This INNSpired article was written according to INN editorial standards to educate investors.

INN does not provide investment advice and the information on this profile should not be considered a recommendation to buy or sell any security. INN does not endorse or recommend the business, products, services or securities of any company profiled.

The information contained here is for information purposes only and is not to be construed as an offer or solicitation for the sale or purchase of securities. Readers should conduct their own research for all information publicly available concerning the company. Prior to making any investment decision, it is recommended that readers consult directly with GTI Resources and seek advice from a qualified investment advisor.

nuclear reactors against water
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It might feel like uranium's bull story has gotten long in the tooth, said Justin Huhn of Uranium Insider — but major firms haven't even entered the market yet.

- YouTube youtu.be

Uranium prices faced headwinds last week, falling below the US$60 per pound level, but Justin Huhn, founder and publisher of Uranium Insider, believes the market still has plenty of room to run.

"From a retail investor perspective, it's easy to look at weekly charts of some of the uranium stocks and be like, 'Oh my gosh, we're up so much in the past three years, this rally has got to be close to over,'" he said.

"And then you talk to somebody like John (Ciampaglia) at Sprott, and he's telling you, 'Yeah, the big money can't even position yet because the market's not large enough — and they will when it (is)."

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a bowl of U3O8 yellow cake

Australia is the second largest producer of uranium in the world. Here's a look at the mines that are producing today, and the significant ones that are being developed.

Despite sitting on the largest known recoverable resources of uranium worldwide — 1.69 million metric tonnes in 2019 — Australia uses no part of it for energy. Instead, Australia exports the valuable resource, which accounts for one-quarter of its energy exports.

In fact, Australia was the second largest producer of uranium in 2020, producing 6,203 metric tonnes. It was only beaten by Kazakhstan, which produced nearly 20,000 metric tonnes that year.

Australian uranium production has centred around three mines in recent years — Olympic Dam, Beverly Four Mile and Ranger — until the Ranger mine ceased operations in 2021.

Main mines in the country

Here's a closer at these mines and the companies that own them:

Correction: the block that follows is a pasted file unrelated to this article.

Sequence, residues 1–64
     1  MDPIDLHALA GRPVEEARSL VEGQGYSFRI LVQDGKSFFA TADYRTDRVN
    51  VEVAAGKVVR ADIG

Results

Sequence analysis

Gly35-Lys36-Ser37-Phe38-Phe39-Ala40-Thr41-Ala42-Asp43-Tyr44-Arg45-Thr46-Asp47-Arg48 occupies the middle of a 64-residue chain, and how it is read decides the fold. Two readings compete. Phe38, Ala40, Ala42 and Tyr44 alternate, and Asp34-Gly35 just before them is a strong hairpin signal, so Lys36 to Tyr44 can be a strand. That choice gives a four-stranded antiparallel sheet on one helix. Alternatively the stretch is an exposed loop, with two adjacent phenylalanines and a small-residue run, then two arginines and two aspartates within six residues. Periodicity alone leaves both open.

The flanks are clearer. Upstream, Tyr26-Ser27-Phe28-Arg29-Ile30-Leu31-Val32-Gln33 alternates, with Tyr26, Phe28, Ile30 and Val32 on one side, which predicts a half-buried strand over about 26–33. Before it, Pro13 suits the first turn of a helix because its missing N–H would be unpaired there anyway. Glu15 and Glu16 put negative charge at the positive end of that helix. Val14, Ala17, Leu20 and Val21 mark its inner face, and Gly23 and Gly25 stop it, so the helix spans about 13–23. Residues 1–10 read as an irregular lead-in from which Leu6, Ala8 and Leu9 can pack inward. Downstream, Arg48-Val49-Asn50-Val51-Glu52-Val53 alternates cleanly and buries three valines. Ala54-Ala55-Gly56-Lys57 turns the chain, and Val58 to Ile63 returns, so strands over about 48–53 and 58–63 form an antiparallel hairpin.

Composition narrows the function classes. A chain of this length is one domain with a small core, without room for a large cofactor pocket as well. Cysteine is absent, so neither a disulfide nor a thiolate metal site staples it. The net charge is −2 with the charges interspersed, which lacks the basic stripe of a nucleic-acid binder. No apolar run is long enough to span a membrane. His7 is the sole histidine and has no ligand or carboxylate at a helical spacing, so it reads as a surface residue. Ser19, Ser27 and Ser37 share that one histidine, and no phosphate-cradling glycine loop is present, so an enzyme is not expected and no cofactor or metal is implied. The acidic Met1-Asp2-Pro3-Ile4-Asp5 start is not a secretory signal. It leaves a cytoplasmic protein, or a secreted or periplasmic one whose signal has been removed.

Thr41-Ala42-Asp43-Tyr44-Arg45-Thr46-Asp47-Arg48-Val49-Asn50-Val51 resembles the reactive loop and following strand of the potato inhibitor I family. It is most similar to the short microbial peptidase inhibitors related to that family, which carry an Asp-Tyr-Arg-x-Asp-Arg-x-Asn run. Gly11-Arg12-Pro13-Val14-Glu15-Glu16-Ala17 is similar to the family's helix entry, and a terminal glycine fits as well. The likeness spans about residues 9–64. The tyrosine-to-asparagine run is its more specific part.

1. Olympic Dam owned by BHP Billiton (ASX:BHP,NYSE:BHP,LSE:BHP)

The Olympic Dam complex is built upon one of the world's most significant deposits of copper, gold, silver and uranium. In fact, it's the world's largest known uranium deposit. It has both underground and surface operations and it has a fully integrated processing facility, which means it is capable of extracting, refining and processing mined commodities.

In 2020, BHP Billiton produced 3,000 metric tonnes of uranium oxide (U3O8), which is nearly half of Australia's output and 6 percent of the world's production. In 2021, their uranium segment accounted for US$249 million in revenue.

Although the company produces a significant amount of global uranium, its production of copper, iron ore, coal and petroleum dwarfs its uranium production by a wide margin.

2. Beverly and Four Mile owned by private company Heathgate Resources

Australia's first in-situ recovery mine at Beverly sits on a uranium deposit about 520 kilometres from Adelaide. Owned by Heathgate Resources, a subsidiary of US-based General Atomics, the Beverly mine itself has all been mined out and production exclusively occurs at the nearby Four Mile mine (owned by Quasar, a subsidiary of Heathgate).

In 2020, Heathgate Resources mined 2,130 tonnes of uranium oxide from Four Mile, accounting for 4 percent of the world's uranium production.

3. Ranger Uranium Mine owned by Energy Resources of Australia (ASX:ERA)

Ranger was the longest serving uranium production mine in Australia at 35 years, located 8 km east of the town of Jabiru. The mine officially stopped processing operations in January 2021 after traditional owners of the land did not support extending the Energy Resources of Australia's (ERA) authority in the area. The company had already stopped mining operations back in 2012 and had been processing stockpiled ore since then.

The ERA, whose parent company is Rio Tinto, produced 1,574 tonnes of uranium oxide for 2020 — accounting for 2 percent of the world's uranium production — before shutting the mine down.